Buckle Up

Travel1

// by Allison Jones

Do you break into a panic attack when you think of a family vacation? Taking a family trip can be stressful—whether you have Chevy Chase along for the ride or not. The secret to a successful vacay, say experts, is preparedness. That, and maybe a little patience.

Safety is rule #1

Talking to kids about safety is important regardless of their age. Two major points of discussion regarding safety are what to do in the event that a child gets lost and how to follow the destination rules.

In regards to getting lost, the best advice that parents can follow is to always pick a meeting spot. Experts advise choosing a unique location that isn’t too busy and telling children to go directly to the meeting location if separated from mom or dad.

Safety is also an important consideration when planning excursions and activities. Travel expert Angela Spurgeon of Destinations in Florida Travel advises selecting activities that are age-appropriate and doing research to ensure a company is reputable.

“When you have kids, your thoughts on safe travel changes,” says Spurgeon. “What you would never think twice about before kids now brings on a whole new set of questions, such as: Is this age appropriate, will my child enjoy it, and do I want to make them a daredevil?”

If kids suggest doing something that seems out of their comfort zone, trust them. “We recently went to Tennessee with my five-year-old year old and he wanted to do the kid zip line,” says Spurgeon. “The course director assured me that my child would be OK, but I was a nervous wreck. I went online and checked reviews, spoke with other parents and watched many other kids take their turns. I finally felt this was safe for my child after the proper research. But not all places are as safe and you have to do your part.”

Plan, Plan & Plan Some More

Travel expert Carrie Hurst of Destinations in Florida Travel suggests involving the entire family in vacation planning. “[Ask your family members questions like], ‘Do you need some beach time? Would you like to do some hiking or outdoor exploring? Perhaps visit a theme park?’ Have your kids list one or two activities that they would like to enjoy and build your vacation around that.”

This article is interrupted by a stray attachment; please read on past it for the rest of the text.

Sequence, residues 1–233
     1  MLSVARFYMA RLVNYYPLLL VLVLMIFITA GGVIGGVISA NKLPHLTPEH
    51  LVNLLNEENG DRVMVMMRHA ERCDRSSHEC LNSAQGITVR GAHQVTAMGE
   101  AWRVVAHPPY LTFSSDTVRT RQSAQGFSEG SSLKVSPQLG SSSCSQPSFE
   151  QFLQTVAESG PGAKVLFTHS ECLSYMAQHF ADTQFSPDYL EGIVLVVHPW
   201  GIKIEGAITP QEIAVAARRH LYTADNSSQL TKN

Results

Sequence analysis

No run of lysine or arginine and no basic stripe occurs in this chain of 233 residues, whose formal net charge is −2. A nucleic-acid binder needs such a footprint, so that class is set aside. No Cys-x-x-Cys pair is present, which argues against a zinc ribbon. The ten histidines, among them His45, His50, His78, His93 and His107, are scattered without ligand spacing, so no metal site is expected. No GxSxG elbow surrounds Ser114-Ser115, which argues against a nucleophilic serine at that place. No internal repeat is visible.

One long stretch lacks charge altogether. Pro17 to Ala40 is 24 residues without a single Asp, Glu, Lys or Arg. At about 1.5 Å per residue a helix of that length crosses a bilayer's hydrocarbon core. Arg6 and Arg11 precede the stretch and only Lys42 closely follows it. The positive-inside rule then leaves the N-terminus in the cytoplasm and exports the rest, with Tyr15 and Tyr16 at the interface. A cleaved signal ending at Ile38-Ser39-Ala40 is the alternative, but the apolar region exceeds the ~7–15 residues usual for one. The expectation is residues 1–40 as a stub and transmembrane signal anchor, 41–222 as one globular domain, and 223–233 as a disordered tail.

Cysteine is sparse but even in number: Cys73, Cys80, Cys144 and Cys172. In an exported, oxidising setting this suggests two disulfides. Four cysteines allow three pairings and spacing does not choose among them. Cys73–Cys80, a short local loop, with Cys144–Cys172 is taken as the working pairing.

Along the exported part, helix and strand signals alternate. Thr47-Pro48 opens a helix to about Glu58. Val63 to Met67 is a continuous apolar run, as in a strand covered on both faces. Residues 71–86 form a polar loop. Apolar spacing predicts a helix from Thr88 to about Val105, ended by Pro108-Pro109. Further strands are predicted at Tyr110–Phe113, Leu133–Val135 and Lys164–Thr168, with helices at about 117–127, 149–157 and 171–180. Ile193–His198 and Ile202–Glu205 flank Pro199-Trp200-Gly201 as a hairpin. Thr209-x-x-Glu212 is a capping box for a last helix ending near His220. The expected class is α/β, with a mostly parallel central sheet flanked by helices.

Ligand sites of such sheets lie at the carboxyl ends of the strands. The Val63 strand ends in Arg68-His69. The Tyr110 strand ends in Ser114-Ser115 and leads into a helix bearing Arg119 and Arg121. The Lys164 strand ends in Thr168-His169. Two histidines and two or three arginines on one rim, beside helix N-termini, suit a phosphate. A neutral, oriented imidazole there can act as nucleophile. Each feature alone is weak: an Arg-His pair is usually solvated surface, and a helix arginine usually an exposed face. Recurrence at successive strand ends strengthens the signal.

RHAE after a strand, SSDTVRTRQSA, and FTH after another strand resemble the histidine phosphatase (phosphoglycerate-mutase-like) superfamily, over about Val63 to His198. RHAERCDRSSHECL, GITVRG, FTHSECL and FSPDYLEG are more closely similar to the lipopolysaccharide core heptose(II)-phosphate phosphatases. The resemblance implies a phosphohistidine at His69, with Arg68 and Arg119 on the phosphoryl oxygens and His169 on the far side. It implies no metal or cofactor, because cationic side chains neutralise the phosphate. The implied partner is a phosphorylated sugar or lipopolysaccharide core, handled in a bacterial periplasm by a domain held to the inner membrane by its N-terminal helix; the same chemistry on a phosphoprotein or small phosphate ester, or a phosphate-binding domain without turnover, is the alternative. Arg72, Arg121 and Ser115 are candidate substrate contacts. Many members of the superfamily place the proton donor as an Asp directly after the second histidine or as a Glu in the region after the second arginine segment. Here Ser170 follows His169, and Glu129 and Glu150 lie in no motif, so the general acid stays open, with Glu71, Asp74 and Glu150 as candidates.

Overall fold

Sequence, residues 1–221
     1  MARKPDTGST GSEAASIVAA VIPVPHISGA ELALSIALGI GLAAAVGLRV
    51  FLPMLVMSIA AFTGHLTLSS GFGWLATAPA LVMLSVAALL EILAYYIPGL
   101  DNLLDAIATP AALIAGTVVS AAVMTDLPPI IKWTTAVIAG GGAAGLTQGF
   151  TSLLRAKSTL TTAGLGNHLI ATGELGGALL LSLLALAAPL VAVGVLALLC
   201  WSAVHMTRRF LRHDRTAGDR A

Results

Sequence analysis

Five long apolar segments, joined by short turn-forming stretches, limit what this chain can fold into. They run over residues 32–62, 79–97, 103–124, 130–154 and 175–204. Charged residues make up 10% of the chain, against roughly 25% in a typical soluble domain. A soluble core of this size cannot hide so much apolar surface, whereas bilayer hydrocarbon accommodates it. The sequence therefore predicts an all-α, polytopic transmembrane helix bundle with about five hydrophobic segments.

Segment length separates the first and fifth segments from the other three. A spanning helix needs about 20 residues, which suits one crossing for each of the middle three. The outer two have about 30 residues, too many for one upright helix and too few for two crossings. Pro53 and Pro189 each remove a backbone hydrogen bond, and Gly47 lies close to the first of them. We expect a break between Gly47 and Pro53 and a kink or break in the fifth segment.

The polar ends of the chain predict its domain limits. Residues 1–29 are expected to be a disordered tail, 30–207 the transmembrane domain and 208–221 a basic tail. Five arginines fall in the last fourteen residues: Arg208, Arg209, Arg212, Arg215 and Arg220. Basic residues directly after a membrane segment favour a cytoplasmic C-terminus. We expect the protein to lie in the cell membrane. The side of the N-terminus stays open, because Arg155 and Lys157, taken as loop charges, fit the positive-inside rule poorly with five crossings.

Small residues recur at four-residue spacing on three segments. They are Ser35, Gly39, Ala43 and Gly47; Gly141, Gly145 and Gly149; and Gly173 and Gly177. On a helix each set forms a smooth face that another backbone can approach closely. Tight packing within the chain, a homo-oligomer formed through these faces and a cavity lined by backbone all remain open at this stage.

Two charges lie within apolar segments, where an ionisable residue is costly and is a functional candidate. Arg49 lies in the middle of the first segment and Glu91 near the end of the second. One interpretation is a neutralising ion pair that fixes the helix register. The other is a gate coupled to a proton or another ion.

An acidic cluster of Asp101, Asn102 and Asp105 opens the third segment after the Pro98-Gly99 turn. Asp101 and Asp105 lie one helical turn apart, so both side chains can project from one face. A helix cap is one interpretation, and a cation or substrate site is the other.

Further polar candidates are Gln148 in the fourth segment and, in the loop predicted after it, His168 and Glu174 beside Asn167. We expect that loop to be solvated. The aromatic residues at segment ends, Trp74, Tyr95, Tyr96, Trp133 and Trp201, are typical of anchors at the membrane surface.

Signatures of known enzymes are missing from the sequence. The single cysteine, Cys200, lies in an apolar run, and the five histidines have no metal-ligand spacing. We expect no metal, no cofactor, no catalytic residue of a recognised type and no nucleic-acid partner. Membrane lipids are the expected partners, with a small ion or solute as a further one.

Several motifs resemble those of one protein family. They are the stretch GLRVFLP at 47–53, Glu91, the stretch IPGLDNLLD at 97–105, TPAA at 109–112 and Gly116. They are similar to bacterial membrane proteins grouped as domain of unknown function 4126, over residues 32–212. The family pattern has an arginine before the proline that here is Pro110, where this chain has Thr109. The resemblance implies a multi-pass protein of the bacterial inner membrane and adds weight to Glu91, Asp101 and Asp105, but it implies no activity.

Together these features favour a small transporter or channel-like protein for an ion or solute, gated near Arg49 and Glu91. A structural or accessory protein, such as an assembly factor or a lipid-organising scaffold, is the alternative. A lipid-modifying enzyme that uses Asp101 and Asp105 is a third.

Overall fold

Like Spurgeon, Hurst suggests doing research before committing to a location. When selecting a hotel, for example, check reviews and seek recommendations from local travel agents that live in that destination. Booking a hotel located in the middle of a unsafe neighborhood, or a room next to an ice machine, can spoil any vacation—even if it is only $35 per night. Hurst advises asking for help from the experts, like the local Convention & Visitors Bureau. When booking your transportation, attraction tickets, recreation and even excursions, check reviews on popular sites like Trip Advisor.

Go With the Flow

Unexpected events will happen on your vacation—especially when kids are involved. Behavior analyst Luanne Luby says that a parent’s behavior is critical to a child because they will likely mimic it. “Children need to learn how to handle a change of plans and be able to go with the flow. The best way for them to learn that is by watching their own parent’s behavior.” Luby says that not only will a good attitude make your vacation more enjoyable, but that challenges that unexpectedly popped up (getting sick on a rollercoaster, falling into a cactus while on a hike) may turn into a family joke that everyone laughs about 10 years from now. ] Jacksonville Magazine has partnered with Jacksonville Mom’s Blog to produce our monthly parents department. Read more local parenting-inspired articles at jaxmomsblog.com.